It’s happened. You just received a call from one of your IT employees that a server has gone down. It’s non-responsive and nobody knows what caused the problem. What is that down time going to cost you?
The answer is: it depends.
To calculate how much it costs you when your server goes down, you’re going to need to put on your bean counter’s hat, open up a spreadsheet, and calculate the figures based on a number of factors.
What Kind of Server Went Down?
The first thing you need to know is what kind of server went down. Was it an email server and nothing else? If that’s the case, then your email communications were interrupted. That could be a big problem, though, if you run a support shop that relies heavily on email communication.
Was it a web server that went down? If so, then your website might have been unavailable for a while. That’s almost always a huge a problem, but it’s even worse if you’re running an e-commerce company with no retail outlet.
Was it an analytics server that went down? If so, then your employees can’t crunch numbers to provide you with business-driven intelligence that feed your overall company strategy.
Regardless of which type server was disrupted and down, you will immediately feel the pain in lost opportunity cost as well as employee efficiency. The calculations for determining the exact cost of a down time vary significantly depending on the server’s primary use.
How Long Was the Server Down?
The next question you need to ask before you can calculate the cost of the down time is: how long was the server down? If it was down for just a few minutes, then maybe it’s not even worth calculating the cost of the down time at all. However, if it was down for an hour, three hours, or eight hours, you probably want to know the very painful truth about how much that down time has cost your business.
Calculating the Cost
Once you know the nature of the server and the length of the down time, you can begin to calculate the cost.
If it was a server that employees used, then you want to know how much you paid your employees to essentially do nothing. If the combined salaries of the three people who use that server amount to $300,000 per year and the server was down for two hours and no one could do their jobs, then the calculation is fairly straightforward. Let’s assume that the employees each work 2,000 hours per year. This effectively means that you’re paying each employee $50 per hour. The server was down for two hours, so you lost six “man-hours” because there were three employees who couldn’t do their jobs. At $50 per hour, you lost $300.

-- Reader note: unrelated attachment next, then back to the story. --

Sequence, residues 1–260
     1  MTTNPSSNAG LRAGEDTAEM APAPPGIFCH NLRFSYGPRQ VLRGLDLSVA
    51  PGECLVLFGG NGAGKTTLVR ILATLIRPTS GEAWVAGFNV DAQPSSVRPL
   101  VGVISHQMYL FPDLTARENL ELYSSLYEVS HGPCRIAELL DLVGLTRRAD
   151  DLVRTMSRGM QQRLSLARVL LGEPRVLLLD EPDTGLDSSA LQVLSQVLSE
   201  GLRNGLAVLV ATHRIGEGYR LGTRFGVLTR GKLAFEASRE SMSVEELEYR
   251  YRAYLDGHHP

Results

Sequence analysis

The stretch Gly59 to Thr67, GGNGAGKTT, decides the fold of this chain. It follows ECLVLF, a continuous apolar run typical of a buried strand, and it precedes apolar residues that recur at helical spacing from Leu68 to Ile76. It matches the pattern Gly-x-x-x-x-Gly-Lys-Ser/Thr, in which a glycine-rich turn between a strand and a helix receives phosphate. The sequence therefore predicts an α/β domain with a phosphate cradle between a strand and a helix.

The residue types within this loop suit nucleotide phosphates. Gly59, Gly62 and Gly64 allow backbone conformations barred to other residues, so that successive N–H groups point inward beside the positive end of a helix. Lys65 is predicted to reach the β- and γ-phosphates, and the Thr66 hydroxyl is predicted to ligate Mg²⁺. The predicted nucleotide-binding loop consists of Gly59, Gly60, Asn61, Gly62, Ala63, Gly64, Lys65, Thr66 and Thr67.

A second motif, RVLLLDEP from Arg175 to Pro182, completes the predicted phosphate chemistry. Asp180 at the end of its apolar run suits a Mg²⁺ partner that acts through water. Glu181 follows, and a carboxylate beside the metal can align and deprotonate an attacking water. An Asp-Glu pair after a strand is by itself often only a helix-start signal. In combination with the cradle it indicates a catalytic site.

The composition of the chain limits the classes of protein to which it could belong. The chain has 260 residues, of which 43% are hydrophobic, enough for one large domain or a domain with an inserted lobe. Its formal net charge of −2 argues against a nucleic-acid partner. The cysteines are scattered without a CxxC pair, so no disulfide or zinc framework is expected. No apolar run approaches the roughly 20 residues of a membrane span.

If the server was an e-commerce server, then you need to calculate the number of orders lost during the period that the server was down. The best way to do that is to use comparable sales figures from similar time periods. For example, if the server went down on Tuesday from 2PM to 3PM, then look at how much sales your company typically earns on Tuesdays that aren’t holidays between 2PM and 3PM. That’s the cost of the lost business.
If you lost an email server for a while and your company relies heavily on email traffic for customer relations and support, then the cost is a little harder to quantify. In that case, you’ve certainly lost some good will because customers are angry that they didn’t receive prompt replies to their emails. If you know for sure how many customers you’ve lost because of the down time, calculate the income that you would have received if they had remained loyal customers. It will not be a pretty figure.
Keep in mind that all of these calculations don’t even include the cost to fix the server, if any was incurred. You’ll need to include that cost as well.
There is a reason why redundancy is a great idea in engineering. Technical problems can and will occur. In many cases, those problems can be very costly. While it’s great to know what it costs your business when a server goes down, it’s even better to take proactive steps to ensure that you have proper backups.